Fishing Tips for Spotted Bass & Redeye Bass!

Last session, the topic was largemouth and smallmouth bass.  Today, we will cover spotted bass and redeye bass.

Spotted Bass 

 

Bass Beauties!

Bass Beauties! *

 

Until 1927, this bass was thought to be a cross between the two larger species – large and smallmouth.  After the 1927 studies, it was recognized as a separate species.

Now, biologists have come to the conclusion that this may be the ancestor of all the bass species!

These spotted bass are mostly found in northern Alabama, Tennessee and Kentucky — particularly the TVA (Tennessee Valley Authority) reservoirs.

Like the largemouth bass, the spotteds are bottle-green. However, their spots drift down below the line across their sides. Also like the largemouths, they breed in shallow water.

However, the spotteds are caught in deep, cold water. In the TVA reservoirs, they are caught at depths of 100 feet!

Use the same bait and lures as you would use for the smallmouth. The spotteds prefer colder waters; they seem to respond to diving plugs, wobbling spoons and bait (night crawlers, minnows and very small frogs).

The different bass types have favorite locales in rivers: The spotted bass will be in large, deep pools of water with a swift current; the largemouth will hide in the shallows, amongst the weeds and submerged vegetation and the smallmouths will hide out in the rocky regions.

Redeye Bass

A small group of fish in this family, they live almost exclusively in fast-running streams. Their habitats are from northern Alabama to Tennessee, and from northwestern Georgia to Florida.

The redeye bass live where the brook trout would — if they could stand the summer heat!  Biologists say that this fish acts like a brook trout, except they live where the brook trout can’t.

The redeyes look like the smallmouth with the following exception:  Where the smallmouths have orange fins and an orange-y eyes,  the redeye’s fins and eyes are  (gasp) red!

These fish can only spawn in running water. They feed on insects and minnows. When fishing for these, their preferred bait includes: worms, grasshoppers and minnows. Using lures? Then try wet and streamer flies.

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Bass are US natives. They have been transferred throughout the US by the efforts of volunteers and game and fish depts.  Bass were placed in buckets and moved around the US via trains!

The bass adapted to their new homes so well, that it emboldened people to transfer these fish — worldwide!  They are extremely popular in Europe, especially England.

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The reason America has huge numbers of wild turkeys and bass is: Your fathers and grandfathers (through their payment of excise taxes, fees and licenses) paid for ALL these improvements!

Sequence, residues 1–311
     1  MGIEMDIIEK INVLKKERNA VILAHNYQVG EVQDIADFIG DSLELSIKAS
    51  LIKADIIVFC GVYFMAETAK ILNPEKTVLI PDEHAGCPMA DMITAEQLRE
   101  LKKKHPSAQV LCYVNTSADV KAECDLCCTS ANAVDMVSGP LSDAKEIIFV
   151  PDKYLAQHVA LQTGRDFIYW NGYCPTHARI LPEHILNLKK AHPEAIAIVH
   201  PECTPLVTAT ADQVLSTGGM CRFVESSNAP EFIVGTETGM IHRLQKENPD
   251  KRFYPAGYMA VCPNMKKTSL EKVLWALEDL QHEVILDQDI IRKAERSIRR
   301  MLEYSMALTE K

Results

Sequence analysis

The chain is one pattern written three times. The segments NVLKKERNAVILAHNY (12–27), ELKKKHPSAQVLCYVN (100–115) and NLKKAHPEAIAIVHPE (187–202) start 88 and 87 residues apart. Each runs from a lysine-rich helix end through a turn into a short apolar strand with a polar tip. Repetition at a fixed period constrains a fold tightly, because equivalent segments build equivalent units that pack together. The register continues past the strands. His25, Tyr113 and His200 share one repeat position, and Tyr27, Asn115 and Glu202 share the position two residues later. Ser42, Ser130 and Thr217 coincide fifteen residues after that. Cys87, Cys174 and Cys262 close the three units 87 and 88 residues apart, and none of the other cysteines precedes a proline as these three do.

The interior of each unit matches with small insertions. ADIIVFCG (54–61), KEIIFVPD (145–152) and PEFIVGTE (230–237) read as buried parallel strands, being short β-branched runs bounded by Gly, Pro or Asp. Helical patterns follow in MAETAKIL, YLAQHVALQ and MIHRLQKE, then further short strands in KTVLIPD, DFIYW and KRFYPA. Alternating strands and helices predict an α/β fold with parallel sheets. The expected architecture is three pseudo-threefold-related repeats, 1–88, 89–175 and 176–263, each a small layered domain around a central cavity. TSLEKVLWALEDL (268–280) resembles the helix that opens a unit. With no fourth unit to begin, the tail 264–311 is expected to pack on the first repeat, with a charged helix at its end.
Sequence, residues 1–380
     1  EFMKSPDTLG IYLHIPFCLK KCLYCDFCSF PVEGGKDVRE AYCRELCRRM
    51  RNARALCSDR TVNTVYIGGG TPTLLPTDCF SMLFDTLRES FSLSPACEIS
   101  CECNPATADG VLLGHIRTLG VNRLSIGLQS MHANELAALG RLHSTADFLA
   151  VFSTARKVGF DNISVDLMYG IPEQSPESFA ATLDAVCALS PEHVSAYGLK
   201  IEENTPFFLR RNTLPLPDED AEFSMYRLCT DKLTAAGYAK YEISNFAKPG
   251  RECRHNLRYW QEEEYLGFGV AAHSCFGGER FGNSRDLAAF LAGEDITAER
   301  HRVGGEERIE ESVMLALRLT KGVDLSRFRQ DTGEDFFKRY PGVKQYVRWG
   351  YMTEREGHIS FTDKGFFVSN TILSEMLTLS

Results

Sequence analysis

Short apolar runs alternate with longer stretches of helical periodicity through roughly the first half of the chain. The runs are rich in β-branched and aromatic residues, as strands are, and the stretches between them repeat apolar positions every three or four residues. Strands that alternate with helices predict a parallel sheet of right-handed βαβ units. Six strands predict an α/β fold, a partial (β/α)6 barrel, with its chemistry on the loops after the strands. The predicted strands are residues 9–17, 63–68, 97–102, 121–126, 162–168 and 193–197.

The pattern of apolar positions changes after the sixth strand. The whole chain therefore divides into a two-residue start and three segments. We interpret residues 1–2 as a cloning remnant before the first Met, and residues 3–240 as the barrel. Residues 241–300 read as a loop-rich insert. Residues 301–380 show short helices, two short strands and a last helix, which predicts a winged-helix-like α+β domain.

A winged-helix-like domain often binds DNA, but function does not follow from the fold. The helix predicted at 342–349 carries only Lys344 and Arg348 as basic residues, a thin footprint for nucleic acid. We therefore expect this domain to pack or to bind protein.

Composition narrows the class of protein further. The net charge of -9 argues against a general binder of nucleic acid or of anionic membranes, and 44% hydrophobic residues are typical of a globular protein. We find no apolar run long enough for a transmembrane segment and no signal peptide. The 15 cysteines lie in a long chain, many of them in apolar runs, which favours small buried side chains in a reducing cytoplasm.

Remember: Hunters and Anglers must — first be conservationists!  Our children will be able to hunt and fish because we have provided for the future!

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*Bass Beauties used by permission of ClearVue Graphics

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This blog is a companion to my website:  GreatGhilliesAndGraphics.com

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Fishing for Black Bass: What You Need to Know!**

 

A Largemouth Bass!

A Largemouth Bass! *

 

One of the most popular warm water game fish in America is the black bass.

Native to North America, these scrappy fish have spread from the waters of the Mississippi River & tributaries to water-ways around the world!

4 Major Species

Largemouth Bass – largest species; grows larger as species goes further south. In Florida, they can reach 25 lbs.!

Smallmouth Bass –  great scrappy, fighting fish and now distributed world-wide

Spotted Bass – small species of fish, they grow to between small and largemouth bass size

Redeye Bass– colorful fish that only grows in the streams of some southern states, small in size

Preferred Locale & Food

Largemouth Bass – He prefers to hide in warm, weedy shallow areas. Found in almost all US states and most Canadian provinces, he’s dark green (on the top), with the color washing out to an off-white stomach.

This fish likes to hide in the cover of leaves and weeds, waiting for a meal:  minnows, frogs,  tiny sunfish. This fish is notorious for being able to wrap lines around weeds, stumps and other submerged objects, while he moseys elsewhere!

This freshwater fish seems to prefer weedless spoons with pork rind or plastic worms. At dawn and dusk, however, he seems to have a yen for poppers, bugs and surface plugs.

If you use live bait, these fish seem to respond to frogs, minnows and worms.  Largemouth can take the heat — they like water 85 degrees and above!

The Smallmouth Bass is a finicky eater. This minnow-muncher will eat an occasional frog or crawfish.

He prefers water no warmer than 60-65 degrees. Because he’s a cool-water enthusiast, he stays in rocky, deep water locales most of the year. In early spring and late fall, he will come to the surface, until things get too hot.

Also known as a ‘bronzeback,’ smallmouths offer a real fight to anglers!  This species takes “we try harder” to heart!  He may be smaller in size than the largemouth, but he offers a lot more fight.

During the spring spawning season, these fish like surface bugs. As things get warmer (and they are heading deeper), try small plugs and fly-and-spinner combinations.

Once they are in deeper, cooler waters, they seem to respond to diving plugs, wobbling spoons and bait (night crawlers, minnows and very small frogs).

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This blog is a companion to my website:  GreatGhilliesAndGraphics.com

Published in: on March 9, 2009 at 10:59 pm  Comments Off on Fishing for Black Bass: What You Need to Know!**  
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